VISA Regulations: Unfair?

Mandy Haga

Recently, Visa passed regulations that hold Sponsors accountable for the actions of their webmasters. In viewing responses on the issue, the opinion is largely negative with Sponsors feeling this is totally unfair and unreasonable. Their feeling is understandable, but is this latest action really unreasonable or unfair?

Could this be the swift kick in the ass Sponsors needed to buckle down and work on their programs? Is this the proverbial "elbow to the ribs" going to force Sponsors to make their program requirements strict enough to weed out unscrupulous webmasters, appeal to those willing to work and do so within required operating guidelines, to provide them with the content, text, web presence or the advertising guidelines with which to promote them and to go back and check those webmasters to verify compliance (properly placed links, appropriate text, keywords and content)? More importantly, why haven't they been doing these things?

I find it surprising the number of Sponsor programs that leave everything (including searching their sites for half an hour to get linking code) to the Webmaster. I realize the Internet world is very fast paced - here today, gone tomorrow. So, the more automated you can make this revenue source, the better, right? In the past, perhaps, but the present and future are showing this is not the way to go. Leaving advertising solely up to the webmaster, a stranger with whom you've no relationship and owes you nothing, opens a gaping hole in your business out of which may come a huge hand slapping you with fines, pulling and/or banning your sites and effectively taking your revenue.

Who needs or wants that? My guess is no one; not one person will stand up and say: “Here, come get my cash! I don't really need it anyway.” The only downside I see to this requirement is the Sponsor having to expend extra energy to work his/her program. Yeah, we know it's a pain. The luxury of doing business online is supposed to be automation. Having an affiliate program is supposed to be a "hands free" way of making money. Perhaps it can remain "hands free" or virtually "hands free" by removing this responsibility from the Sponsor or developing automated methods of verifying Webmaster compliance.

Ok, you say, how exactly can this be accomplished? What is your solution?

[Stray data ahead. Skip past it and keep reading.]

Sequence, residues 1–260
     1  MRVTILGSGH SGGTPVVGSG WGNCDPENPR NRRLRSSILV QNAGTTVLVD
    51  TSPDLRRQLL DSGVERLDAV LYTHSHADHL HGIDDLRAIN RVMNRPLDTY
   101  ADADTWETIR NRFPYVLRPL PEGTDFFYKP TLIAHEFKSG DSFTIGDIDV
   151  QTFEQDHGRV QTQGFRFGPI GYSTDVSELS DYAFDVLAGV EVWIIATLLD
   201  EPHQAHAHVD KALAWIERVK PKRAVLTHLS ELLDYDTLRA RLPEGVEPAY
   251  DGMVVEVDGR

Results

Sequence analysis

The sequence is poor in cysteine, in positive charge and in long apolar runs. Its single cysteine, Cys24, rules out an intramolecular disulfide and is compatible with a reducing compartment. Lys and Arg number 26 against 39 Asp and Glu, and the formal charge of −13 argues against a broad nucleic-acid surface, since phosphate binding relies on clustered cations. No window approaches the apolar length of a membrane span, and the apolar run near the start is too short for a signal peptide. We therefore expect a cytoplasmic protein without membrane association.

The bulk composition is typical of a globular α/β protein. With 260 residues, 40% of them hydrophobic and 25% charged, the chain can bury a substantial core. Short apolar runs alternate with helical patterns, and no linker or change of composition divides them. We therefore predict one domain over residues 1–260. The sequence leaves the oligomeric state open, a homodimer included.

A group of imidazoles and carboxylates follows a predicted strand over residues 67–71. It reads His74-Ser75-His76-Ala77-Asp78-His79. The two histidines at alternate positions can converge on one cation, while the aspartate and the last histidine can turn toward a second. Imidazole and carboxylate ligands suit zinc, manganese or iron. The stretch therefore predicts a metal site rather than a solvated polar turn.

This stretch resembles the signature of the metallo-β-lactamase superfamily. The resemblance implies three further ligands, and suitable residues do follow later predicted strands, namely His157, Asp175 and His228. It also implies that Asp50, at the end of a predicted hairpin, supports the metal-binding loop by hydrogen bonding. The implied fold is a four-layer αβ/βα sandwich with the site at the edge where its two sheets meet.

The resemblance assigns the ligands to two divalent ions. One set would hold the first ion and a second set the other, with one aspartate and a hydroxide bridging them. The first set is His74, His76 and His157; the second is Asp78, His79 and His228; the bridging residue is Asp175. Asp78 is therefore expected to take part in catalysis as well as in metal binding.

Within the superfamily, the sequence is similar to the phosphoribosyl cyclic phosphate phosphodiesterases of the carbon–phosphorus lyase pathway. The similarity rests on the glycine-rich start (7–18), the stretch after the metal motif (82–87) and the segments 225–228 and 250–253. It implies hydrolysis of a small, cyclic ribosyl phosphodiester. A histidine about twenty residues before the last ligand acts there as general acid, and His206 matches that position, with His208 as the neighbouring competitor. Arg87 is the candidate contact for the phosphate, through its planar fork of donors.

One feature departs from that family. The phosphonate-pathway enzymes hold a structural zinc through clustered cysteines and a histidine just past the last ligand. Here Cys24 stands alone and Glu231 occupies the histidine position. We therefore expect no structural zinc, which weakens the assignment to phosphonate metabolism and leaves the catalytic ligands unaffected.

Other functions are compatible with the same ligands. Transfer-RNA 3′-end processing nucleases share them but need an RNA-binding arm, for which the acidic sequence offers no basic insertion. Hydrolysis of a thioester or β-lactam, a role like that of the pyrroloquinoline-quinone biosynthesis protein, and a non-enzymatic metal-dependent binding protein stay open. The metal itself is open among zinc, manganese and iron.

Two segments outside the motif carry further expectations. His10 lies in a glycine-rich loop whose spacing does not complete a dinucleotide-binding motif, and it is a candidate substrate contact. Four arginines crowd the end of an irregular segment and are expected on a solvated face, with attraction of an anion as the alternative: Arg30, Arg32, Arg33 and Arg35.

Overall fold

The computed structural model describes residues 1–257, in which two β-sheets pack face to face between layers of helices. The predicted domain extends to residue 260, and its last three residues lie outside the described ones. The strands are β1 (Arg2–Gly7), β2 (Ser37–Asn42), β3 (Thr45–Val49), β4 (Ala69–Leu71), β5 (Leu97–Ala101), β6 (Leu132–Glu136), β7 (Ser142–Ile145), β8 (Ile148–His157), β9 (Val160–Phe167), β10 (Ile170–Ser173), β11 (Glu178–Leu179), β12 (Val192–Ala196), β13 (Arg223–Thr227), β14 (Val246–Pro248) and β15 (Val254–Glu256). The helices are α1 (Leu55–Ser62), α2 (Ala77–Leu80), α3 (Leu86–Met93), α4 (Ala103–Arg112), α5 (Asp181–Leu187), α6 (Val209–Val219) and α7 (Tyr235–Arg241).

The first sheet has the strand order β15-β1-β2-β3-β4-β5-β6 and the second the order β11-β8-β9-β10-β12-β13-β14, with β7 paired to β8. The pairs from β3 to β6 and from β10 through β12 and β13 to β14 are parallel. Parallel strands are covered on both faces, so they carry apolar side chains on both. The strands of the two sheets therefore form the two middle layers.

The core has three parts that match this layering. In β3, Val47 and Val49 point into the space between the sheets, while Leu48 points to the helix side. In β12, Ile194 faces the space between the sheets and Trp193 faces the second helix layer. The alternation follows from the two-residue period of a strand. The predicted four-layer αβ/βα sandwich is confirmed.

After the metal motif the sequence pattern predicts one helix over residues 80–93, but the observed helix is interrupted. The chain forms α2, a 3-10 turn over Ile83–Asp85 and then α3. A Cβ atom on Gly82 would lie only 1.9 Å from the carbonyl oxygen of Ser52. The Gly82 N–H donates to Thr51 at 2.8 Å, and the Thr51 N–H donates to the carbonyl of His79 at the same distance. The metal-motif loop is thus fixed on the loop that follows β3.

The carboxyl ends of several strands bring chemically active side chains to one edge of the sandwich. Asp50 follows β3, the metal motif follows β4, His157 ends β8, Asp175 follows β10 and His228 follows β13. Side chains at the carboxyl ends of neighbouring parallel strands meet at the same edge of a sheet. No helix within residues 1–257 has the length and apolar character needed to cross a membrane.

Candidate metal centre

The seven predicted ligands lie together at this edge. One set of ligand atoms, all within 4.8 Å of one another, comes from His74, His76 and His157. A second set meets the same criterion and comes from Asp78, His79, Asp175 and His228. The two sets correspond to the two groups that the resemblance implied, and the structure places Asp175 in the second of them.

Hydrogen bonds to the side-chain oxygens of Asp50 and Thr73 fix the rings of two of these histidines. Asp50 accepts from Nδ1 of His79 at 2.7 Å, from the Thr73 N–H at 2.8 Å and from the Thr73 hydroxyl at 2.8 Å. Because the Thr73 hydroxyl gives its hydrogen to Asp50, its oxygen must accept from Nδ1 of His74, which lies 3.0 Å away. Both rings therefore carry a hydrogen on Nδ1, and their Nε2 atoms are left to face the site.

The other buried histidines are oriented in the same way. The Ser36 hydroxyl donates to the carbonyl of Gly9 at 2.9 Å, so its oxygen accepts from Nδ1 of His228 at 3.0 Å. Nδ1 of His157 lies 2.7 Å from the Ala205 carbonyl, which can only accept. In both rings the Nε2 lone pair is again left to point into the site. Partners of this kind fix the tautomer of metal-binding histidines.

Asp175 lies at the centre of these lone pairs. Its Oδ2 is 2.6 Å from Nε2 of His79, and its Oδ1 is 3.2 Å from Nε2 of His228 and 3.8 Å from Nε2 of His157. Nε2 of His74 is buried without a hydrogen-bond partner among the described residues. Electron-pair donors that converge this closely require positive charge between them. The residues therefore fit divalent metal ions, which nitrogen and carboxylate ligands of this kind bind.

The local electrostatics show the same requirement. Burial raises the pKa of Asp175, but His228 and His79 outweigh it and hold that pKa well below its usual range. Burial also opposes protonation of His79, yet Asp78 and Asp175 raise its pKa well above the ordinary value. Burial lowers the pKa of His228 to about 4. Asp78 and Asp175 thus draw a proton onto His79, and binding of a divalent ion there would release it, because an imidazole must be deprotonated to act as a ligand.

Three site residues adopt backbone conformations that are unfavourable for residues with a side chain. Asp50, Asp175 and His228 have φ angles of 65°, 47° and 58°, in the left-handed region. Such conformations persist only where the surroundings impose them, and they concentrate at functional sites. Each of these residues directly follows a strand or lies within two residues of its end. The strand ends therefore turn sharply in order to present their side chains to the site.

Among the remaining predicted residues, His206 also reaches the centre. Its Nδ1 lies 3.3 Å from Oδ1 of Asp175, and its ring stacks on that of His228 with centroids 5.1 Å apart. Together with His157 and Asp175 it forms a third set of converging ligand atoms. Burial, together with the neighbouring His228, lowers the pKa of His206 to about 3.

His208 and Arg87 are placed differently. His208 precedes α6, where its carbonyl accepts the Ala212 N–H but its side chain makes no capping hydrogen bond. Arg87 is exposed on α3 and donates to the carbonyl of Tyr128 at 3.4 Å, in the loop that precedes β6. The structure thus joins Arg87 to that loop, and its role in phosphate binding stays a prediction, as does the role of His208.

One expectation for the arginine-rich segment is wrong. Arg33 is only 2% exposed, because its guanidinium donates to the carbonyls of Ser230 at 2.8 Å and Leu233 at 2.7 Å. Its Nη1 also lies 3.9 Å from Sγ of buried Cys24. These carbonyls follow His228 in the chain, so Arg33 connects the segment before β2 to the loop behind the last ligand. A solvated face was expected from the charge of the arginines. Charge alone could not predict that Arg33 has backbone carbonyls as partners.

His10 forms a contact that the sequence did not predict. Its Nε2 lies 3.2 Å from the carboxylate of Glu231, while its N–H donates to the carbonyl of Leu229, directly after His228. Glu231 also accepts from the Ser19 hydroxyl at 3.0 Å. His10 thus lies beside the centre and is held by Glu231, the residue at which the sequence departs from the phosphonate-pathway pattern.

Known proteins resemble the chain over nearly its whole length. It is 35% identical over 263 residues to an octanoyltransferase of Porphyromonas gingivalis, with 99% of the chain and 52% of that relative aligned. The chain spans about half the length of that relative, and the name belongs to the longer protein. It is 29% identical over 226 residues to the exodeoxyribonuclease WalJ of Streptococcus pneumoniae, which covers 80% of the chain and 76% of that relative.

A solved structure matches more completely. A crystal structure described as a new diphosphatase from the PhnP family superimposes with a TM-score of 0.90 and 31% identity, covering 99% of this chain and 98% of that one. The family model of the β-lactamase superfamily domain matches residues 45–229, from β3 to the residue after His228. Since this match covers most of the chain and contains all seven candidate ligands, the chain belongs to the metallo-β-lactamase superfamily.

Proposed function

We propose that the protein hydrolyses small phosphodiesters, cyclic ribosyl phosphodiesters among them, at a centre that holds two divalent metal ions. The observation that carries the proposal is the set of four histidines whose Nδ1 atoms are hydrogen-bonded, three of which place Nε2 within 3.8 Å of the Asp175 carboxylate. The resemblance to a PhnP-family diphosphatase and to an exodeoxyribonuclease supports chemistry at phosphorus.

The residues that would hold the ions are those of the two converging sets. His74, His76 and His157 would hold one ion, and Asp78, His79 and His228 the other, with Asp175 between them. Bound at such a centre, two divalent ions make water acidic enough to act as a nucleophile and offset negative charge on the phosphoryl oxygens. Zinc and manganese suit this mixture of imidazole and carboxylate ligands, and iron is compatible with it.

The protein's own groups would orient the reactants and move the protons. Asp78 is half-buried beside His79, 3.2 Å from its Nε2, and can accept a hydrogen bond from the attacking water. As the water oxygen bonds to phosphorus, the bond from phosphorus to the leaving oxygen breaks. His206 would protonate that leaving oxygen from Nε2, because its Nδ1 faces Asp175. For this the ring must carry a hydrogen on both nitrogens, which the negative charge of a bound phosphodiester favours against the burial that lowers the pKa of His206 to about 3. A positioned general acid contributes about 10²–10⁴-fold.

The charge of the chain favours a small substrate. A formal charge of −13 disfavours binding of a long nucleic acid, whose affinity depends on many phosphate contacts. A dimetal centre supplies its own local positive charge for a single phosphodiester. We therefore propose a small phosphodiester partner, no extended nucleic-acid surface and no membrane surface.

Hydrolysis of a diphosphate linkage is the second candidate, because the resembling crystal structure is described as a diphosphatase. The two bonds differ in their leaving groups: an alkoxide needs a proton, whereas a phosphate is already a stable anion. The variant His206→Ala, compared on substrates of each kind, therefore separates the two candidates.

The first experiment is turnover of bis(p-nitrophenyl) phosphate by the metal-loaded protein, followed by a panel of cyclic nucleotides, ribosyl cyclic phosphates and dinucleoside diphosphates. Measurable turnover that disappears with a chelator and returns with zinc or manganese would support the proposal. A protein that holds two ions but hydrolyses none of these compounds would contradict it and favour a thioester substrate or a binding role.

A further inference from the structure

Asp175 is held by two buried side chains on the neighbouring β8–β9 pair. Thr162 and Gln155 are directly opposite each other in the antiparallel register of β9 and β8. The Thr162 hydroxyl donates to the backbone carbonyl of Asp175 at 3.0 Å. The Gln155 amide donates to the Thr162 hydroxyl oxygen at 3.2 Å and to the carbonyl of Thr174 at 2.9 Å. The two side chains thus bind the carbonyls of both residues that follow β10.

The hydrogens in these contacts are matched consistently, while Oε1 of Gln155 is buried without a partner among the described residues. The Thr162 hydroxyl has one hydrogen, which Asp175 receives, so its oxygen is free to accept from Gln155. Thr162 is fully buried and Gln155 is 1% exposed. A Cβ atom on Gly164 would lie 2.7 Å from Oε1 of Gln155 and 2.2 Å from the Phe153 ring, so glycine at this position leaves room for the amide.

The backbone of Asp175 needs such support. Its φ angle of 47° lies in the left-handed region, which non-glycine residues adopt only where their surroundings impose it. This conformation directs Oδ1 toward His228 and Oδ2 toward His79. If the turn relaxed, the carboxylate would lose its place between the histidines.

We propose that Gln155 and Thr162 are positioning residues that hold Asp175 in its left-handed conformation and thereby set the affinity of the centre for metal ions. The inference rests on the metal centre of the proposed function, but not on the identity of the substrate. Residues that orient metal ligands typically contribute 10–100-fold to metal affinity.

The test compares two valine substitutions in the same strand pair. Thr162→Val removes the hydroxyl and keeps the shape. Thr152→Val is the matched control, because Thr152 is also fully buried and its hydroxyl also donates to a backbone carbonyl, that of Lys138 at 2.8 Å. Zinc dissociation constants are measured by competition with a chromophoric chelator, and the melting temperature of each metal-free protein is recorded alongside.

Solution 1: Auto Script
I'm, by no means, technically savvy, but I believe the team of coders and scripters we have within our adult community could develop a script that would scan each site within their program for compliance based upon parameters that were both preinstalled and stipulated by the Sponsor. In this scenario, the only real involvement would not come into play unless a webmaster site was returned in your search as non compliant in some manner, i.e. “illegal keywords,” no reciprocal links, linking to inappropriate or illegal content. The possibilities with such software are endless.

Solution 2: Webmaster/Sponsor Network
Seeing the latest developments in the adult industry, there is a growing need for a centralized location to bring together, qualify, develop and nurture Sponsor/Webmaster relationships.

To fill this need, TabooRevenue.com has started to develop an adult version of mainstream networks such as Be Free, LinkShare and Commission Junction. This network is different from mainstream networks in that it goes a step beyond by qualifying webmasters (affiliates). This webmaster qualifying process will be handled by TabooRevenue.com and holds a very definitive benefit for the Sponsor in that it will serve to weed out unscrupulous webmasters who may cheat or refer fraudulent sales or those that will result in chargebacks.

The intent is to help them and the webmasters comply with Visa regulations and remove the fear of having sites banned or pulled completely. TabooRevenue will assume the responsibility of monitoring Webmaster sites to ensure they remain in compliance, which effectively reduces the Sponsors hands on involvement in this added process.

Will either of these solutions really work? The ASACP has been using a similar script to scout and track alleged child porn sites with seeming success; and the preliminary response to TabooRevenue has been overwhelming. I would say, with the assistance of my "Magic 8 Ball," that the "outlook is good."